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For the second time in a week, the Hulu comedy “Woke” — currently filming its second season in Atlanta — has suspended production because of another positive COVID-19 test.

As with the first shutdown, which occurred on Tuesday, the person who tested positive was in Zone A, which in COVID-protocol language describes those present on set when the performers aren’t wearing masks.

According to a source close to the situation, the show resumed filming on Wednesday, but on Thursday, the second positive test forced production to stop once more. It’s not immediately clear when the show will begin filming again, according to the source.

Another person from the set of “Woke” said, “The COVID protocols were less than stellar — and porous.” The person said there were many days when they wouldn’t have their temperature checked, and that the production schedule hasn’t been adhering to the limited hours set for COVID production. They said they worked several 14-hour-plus days last week.

“Woke,” which stars Lamorne Morris (“New Girl”) as a Black cartoonist, began filming its second season last month. The show — a co-production of Sony and Disney — premiered on Hulu last September, and was renewed in November.

In the first production pause, Variety learned that unvaccinated members of the “Woke” crew had come in close contact with the person who had tested positive, and would have to self-isolate for two weeks — which required a few of them to be replaced. On a set, “close contact” is defined as being within six feet of someone for 15 minutes, even if both people are wearing PPE. Those in Zone A who are vaccinated didn’t have to quarantine.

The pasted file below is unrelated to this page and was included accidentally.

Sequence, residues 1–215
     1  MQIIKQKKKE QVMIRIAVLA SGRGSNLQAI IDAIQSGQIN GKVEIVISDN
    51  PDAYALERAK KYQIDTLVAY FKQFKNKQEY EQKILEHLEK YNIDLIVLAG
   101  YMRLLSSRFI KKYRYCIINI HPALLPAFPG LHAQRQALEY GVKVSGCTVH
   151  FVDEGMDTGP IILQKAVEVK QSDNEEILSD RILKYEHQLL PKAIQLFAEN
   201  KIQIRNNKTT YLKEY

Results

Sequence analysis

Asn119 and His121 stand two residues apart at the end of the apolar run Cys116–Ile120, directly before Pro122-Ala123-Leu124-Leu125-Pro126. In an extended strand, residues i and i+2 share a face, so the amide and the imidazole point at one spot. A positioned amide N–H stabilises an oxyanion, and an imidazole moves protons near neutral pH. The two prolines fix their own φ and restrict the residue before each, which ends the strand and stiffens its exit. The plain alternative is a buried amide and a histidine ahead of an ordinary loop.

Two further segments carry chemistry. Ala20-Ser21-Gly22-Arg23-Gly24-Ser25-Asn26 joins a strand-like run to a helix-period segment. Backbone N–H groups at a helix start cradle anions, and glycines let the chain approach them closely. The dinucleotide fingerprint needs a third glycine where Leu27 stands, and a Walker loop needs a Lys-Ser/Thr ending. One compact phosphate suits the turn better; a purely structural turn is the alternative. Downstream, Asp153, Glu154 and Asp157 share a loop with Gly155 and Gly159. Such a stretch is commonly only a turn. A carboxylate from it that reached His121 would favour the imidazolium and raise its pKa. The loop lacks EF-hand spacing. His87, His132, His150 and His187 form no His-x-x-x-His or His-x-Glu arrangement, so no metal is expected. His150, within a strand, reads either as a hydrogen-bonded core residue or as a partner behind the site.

Representatives from Sony, Disney and Hulu did not respond to Variety‘s request for comment.

As the even-more-transmissible Delta variant has spread in the United States and England, COVID shutdowns have once again become common — especially, perhaps, as vaccines have caused people to relax and not be as careful as they once were. Netflix’s sensation “Bridgerton” and HBO’s “House of the Dragon,” the “Game of Thrones” prequel, both had to suspend production in the U.K. And on Tuesday, Variety reported that “American Horror Story” has paused production for the rest of the week, also because of a positive COVID case in Zone A. “American Horror Story” began filming in December in Los Angeles, and even when Southern California was the epicenter of the pandemic, it had no shutdowns.

On Wednesday, Deadline reported that HBO will pause production on Season 4 of “Westworld” for two days next week.

The wave of production stoppages will surely increase pressure on the studios to mandate vaccinations for production work. The new agreement about COVID protocols between the studios and the guilds went into effect on Monday. They contain the option for producers to require vaccinations for those in Zone A, which would affect actors, directors, directors of photography and those whose work requires them to be on set (such as hair and makeup people, and department heads).

According to an explainer on the Directors Guild website for its members, “On a production-by-production basis, a producer may implement a policy providing that Zone A employees be fully vaccinated against COVID-19 as a condition of employment,” it reads. “To provide currently-unvaccinated Zone A employees with sufficient time to get vaccinated, the Agreement gives employees one week to schedule a vaccination appointment and receive their first vaccination shot, and six weeks from that date to get their second shot (if required) and complete the required waiting period.”

The DGA explainer goes on to say that identifying and verifying vaccination status will also be necessary — an indication of the direction Hollywood productions, as well as workplaces and other private spaces in the U.S., are heading.

“Producers must keep such documentation secure and available only to those with a need to know,” it reads. “Employees who do not provide verification of their vaccination status will be treated as not fully vaccinated.”

This story has been updated. Gene Maddaus contributed to this report.